The Volokh Conspiracy
Mostly law professors | Sometimes contrarian | Often libertarian | Always independent
When I was thirteen years old I won an essay contest, "What the United Nations Means to Me," with Eleanor Roosevelt serving as a judge. She noted the similarity in our names. I was Eleanor Roeloffs, and getting singled out in that way by a former First Lady lauded for her human rights work made a big impression on me. I didn't know much about politics then, but I knew enough to understand that she was a driving force behind what the United Nations stood for and that I wanted to be on her side.
I learned to define my politics and values by identifying heroes to look up to and follow. I think a country does the same thing. The people we choose to elevate and remember over time signify the American narrative. In my own life, the social justice movements that shaped me individually and America as a country, which despite our problems remains the envy of the world, are the civil rights movement, the fight for women's liberation, and the mobilization against the Vietnam War.
These social movements are America's story, and they're my story as a woman born in the middle of the last century whose life was made measurably better amid these broad strokes of history.
Young people coming of age today are shaped by Black Lives Matter, the Me Too and Time's Up movements, and the advocacy for LGBTQ rights, which led to the Supreme Court legalizing same-sex marriage in a landmark ruling on 26 June 2015. The progress in this area has been remarkably swift in sweeping away political opposition once thought intractable.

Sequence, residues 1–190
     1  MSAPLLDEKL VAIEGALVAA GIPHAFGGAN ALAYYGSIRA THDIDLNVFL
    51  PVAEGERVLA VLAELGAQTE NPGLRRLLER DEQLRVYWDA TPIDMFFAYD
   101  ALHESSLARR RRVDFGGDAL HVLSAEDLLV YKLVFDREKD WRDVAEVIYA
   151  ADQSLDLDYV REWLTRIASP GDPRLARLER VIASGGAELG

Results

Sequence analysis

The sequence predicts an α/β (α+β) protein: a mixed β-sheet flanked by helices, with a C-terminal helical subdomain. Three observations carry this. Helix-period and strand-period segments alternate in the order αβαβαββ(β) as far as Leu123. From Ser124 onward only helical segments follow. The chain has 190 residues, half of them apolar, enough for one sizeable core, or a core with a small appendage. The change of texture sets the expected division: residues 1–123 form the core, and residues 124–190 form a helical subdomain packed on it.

For those who despair about our current state of extreme partisanship, I would urge them to turn away from partisan politics and celebrate the progress of the disability rights movement as an analogue of the gay rights and civil rights movements in freeing people to be fully productive citizens. I am also watching with enormous pride the emergence of the next generation of activists, born out of horror at mass shootings and determined to assert their right to be safe from military-style weapons.
Set in motion by Parkland, Florida, high school students who survived a school shooting that killed seventeen of their classmates, people of all ages rallied on 24 March 2018 in Washington and cities all over the country, and indeed the world, in solidarity against a permissive gun culture that sanctions military-grade weaponry in the hands of civilians claiming the protection of the Second Amendment.
Social movements take a long time. They don't make change overnight. If you ask people who waited sometimes for decades to marry the person they love whether the Supreme Court ruling in 2015 legalizing same-sex marriage happened quickly, they would likely say no, it was a long time coming. They're right, of course, but when we consider how fast things moved once the groundwork was laid, and the courts got involved, and constitutional protections were put in place, it's possible the same shift in thinking could happen around gun safety and commonsense gun laws.
I always thought that if I weren't a reporter covering Hillary Clinton that we would be friends. I admired her intelligence and her fortitude in the face of personal challenges and stinging political defeats, and I hope she finds some comfort in the fact that she has inspired more people, especially women, to get involved in politics because she lost a race she was supposed to win than if she had actually won. They say history is written by the winners, and the record hundreds of thousands of people who participated in the Women's March the day after President Trump's inauguration are winners too, and they will be writing the next chapters in the American narrative.
The women's movement popularized the phrase that the personal is political, and thanks to the internet and social media, more people have the tools to tell their stories and guide the history yet to be lived.